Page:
Mixing fun with science yields creamy delicious treats

Keep summer fun alive by making homemade ice cream. I remember using my grandparents’ handed-down manual ice cream maker with the rock salt and cranking until our arms ached, but it was so worth all the hard work! Technology has made the process easier with electric or simple freezer models now available, but did you know you can make ice cream in a resealable bag in just 10 minutes?! Give this idea a try for a fast, simple science experiment with a creamy delicious ending.

Vanilla ice cream in a bag
  • ½ cup half-and-half
  • 1 tablespoon white sugar
  • ¼ teaspoon vanilla extract
  • 4 cup ice cubes, or as needed
  • ½ cup kosher, rock or table salt
  • 1 gallon-size resealable bag
  • 1 pint-size resealable bag

Step 1: Combine half-and-half, sugar and vanilla extract in a pint-size resealable plastic bag; seal tightly!

Step 2: Put ice, salt and the tightly sealed bag containing the cream mixture into a gallon-size resealable plastic bag and seal tightly.

Step 3: Wrap the big bag in a kitchen towel to protect hands from the cold and gently shake the bag for 5–10 minutes until contents thicken into ice cream. Wipe salt from the top of the pint-size bag before opening to prevent salt from getting into the ice cream.

To make different flavors, mix in chopped fresh fruit like strawberries with the liquid ice cream mixture. Don’t forget to add toppings like chocolate chips or crushed cookies if desired and let the kids scoop it right out of the bag for fun. Trish O’Neill, founder and owner of The Cooking Studio in Fort Collins, also recommended their popular Coconut Lime Sorbet recipe for families (see sidebar), saying “With only three ingredients, anyone can make it and it’s very fresh and tangy, and no dairy makes it a lighter dessert.”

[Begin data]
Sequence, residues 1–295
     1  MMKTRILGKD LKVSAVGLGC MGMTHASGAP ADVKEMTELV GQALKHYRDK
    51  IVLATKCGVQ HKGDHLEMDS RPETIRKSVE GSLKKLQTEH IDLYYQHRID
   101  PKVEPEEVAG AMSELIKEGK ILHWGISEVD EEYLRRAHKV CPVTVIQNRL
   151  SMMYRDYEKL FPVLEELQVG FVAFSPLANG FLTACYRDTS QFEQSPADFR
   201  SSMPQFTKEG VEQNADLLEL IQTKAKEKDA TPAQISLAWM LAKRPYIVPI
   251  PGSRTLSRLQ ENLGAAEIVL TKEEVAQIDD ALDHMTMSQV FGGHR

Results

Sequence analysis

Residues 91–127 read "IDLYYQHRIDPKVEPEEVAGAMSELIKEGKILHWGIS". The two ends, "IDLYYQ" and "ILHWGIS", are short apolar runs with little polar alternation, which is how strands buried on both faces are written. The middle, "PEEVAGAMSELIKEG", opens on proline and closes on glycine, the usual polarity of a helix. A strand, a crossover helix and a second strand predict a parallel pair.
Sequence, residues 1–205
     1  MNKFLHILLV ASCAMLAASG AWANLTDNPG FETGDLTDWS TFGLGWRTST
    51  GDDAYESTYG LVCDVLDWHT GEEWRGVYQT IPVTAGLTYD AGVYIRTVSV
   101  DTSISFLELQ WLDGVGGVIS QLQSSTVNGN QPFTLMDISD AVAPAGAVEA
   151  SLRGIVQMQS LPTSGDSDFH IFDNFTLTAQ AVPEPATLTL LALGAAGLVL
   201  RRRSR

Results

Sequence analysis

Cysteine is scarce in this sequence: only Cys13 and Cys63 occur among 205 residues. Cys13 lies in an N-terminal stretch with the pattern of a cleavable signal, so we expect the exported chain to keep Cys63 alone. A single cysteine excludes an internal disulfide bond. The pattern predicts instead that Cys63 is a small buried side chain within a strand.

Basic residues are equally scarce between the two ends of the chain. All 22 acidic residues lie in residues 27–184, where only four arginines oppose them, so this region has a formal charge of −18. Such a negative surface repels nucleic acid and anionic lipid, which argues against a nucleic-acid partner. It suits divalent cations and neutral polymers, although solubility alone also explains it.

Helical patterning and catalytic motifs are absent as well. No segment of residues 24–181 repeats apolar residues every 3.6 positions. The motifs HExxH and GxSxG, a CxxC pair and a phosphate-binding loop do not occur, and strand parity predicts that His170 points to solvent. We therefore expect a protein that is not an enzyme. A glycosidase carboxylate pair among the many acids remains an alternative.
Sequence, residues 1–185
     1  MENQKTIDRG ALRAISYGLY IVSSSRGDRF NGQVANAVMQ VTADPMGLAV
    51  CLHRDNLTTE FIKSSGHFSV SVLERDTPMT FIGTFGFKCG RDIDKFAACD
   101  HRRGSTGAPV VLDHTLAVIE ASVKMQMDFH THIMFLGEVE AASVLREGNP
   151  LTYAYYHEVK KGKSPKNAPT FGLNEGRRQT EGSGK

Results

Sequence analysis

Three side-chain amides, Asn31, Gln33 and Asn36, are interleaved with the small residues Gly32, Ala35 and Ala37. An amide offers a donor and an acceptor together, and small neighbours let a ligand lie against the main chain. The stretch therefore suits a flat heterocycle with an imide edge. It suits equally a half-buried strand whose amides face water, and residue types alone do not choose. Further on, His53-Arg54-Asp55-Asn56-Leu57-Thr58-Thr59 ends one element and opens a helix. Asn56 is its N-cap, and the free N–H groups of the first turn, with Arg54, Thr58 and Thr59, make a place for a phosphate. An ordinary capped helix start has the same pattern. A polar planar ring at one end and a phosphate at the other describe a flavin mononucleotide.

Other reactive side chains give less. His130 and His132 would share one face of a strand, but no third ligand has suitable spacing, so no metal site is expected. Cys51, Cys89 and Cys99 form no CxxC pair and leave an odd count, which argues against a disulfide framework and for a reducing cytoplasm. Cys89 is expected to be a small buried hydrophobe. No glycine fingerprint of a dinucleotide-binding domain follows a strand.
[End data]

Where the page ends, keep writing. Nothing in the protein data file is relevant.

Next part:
If you would like to focus more on the science of the activity, see the following ideas.

  • Vary the recipe/process as follows: In Step 2, leave out the salt to see what happens. Try using heavy whipping cream or milk in place of half-and-half.
  • Take the temperature of the ingredients throughout the process.
  • Questions to ask: How are the ingredients changing during this process? What role does the salt play in the process?

Official lab worksheets can also be found for a few dollars at www.teacherspayteachers.com/Product/Ice-Cream-in-a-Bag-Science-Lab-Worksheets.

Coconut Lime Sorbet

courtesy of The Cooking Studio, Fort Collins

Servings: 1 quart


One 8 oz. can cream de coco (ie: Coco Lopez cream of coconut)

One 15 oz. can coconut milk

8–10 limes


1. Juice the limes and put the lime juice in a bowl—set aside (if limes are small use 10, if they’re medium/large use 8)

2. Whisk together the cream de coco and coconut milk and then add the lime juice and mix until well combined

3. Get the frozen churning-bucket from the freezer and put the ice cream base into it, put it in the churner and put the whole thing into the machine. Turn it on and leave it churning until a soft sorbet is formed. Put into the freezer for an hour or overnight.